Abe Foxman: Don’t Judge My Book by Its Cover (But Feel Free To Remove It)
Don’t judge a book by its cover is a phrase that can warm any author’s heart. But how does an author react when readers tell him that they remove the cover when reading his book in public? If you’re Abraham Foxman, the national director of the Anti-Defamation League, you accept the feedback knowing you’ve done your job.
So Foxman said at a party Tuesday night at Manhattan’s Loews Regency Hotel to celebrate his latest book, “Jews & Money: The Story of a Stereotype,” published last month by Palgrave Macmillan. The host of the party was co-chairman of Loews Corporation Andrew Tisch, who along with Donald Trump and Michael Steinhardt, have contributed blurbs for the book jacket (Trump calls it a “must-read”).
Among the guests was Irshad Manji, director of the Moral Courage Project at New York University and author of “The Trouble with Islam Today: A Muslim’s Call for Reform in Her Faith,” and Bill Siegel, a television executive who is on the board of the Hudson Institute.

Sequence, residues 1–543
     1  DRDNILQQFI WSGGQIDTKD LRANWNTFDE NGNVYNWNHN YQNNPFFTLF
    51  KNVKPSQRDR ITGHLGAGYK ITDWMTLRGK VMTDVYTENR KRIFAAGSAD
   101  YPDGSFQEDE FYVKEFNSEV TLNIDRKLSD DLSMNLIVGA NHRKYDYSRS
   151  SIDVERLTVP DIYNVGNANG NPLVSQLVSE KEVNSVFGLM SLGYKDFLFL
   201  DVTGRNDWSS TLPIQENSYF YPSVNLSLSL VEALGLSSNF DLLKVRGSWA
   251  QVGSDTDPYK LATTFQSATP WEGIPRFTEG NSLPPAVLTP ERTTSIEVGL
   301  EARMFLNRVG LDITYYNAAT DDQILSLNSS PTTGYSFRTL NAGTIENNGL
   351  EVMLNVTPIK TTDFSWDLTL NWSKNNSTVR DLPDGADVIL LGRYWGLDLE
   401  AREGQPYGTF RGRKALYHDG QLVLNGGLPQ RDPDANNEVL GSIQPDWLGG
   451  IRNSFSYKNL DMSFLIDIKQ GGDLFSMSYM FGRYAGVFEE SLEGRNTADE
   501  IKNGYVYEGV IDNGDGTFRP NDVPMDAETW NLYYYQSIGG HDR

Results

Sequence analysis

It was Palgrave Macmillan who pushed for the title for Foxman’s book. The author had wanted it to be, “Jews, Money and Anti-Semitism,” but that didn’t have enough zing for Macmillan. “It sounded boring,” admitted Foxman, so it was changed..
“Jews & Money: The Story of a Stereotype,” makes a deliberate and even-tempered case about a fiery subject. In several short essays, Foxman argues there is no “special, sinister” connection between Jews and money. A close look at the ways the media handles Jewish subjects suggests its role in perpetuating the stereotype. For example, Bernard Madoff’s Jewishness was often mentioned in press accounts, Foxman writes, while rarely was he described as an Italian. Foxman also looks at Jewish philanthropy and stereotypes embedded in popular culture, such as television shows like “The Nanny” and “All in the Family.”
As for the cover, perhaps those who assemble for his talk at the 92nd Street Y this Sunday evening will be brave enough to keep theirs visible. The discussion will be moderated by writer Thane Rosenbaum and CNN correspondent Allan Chernoff.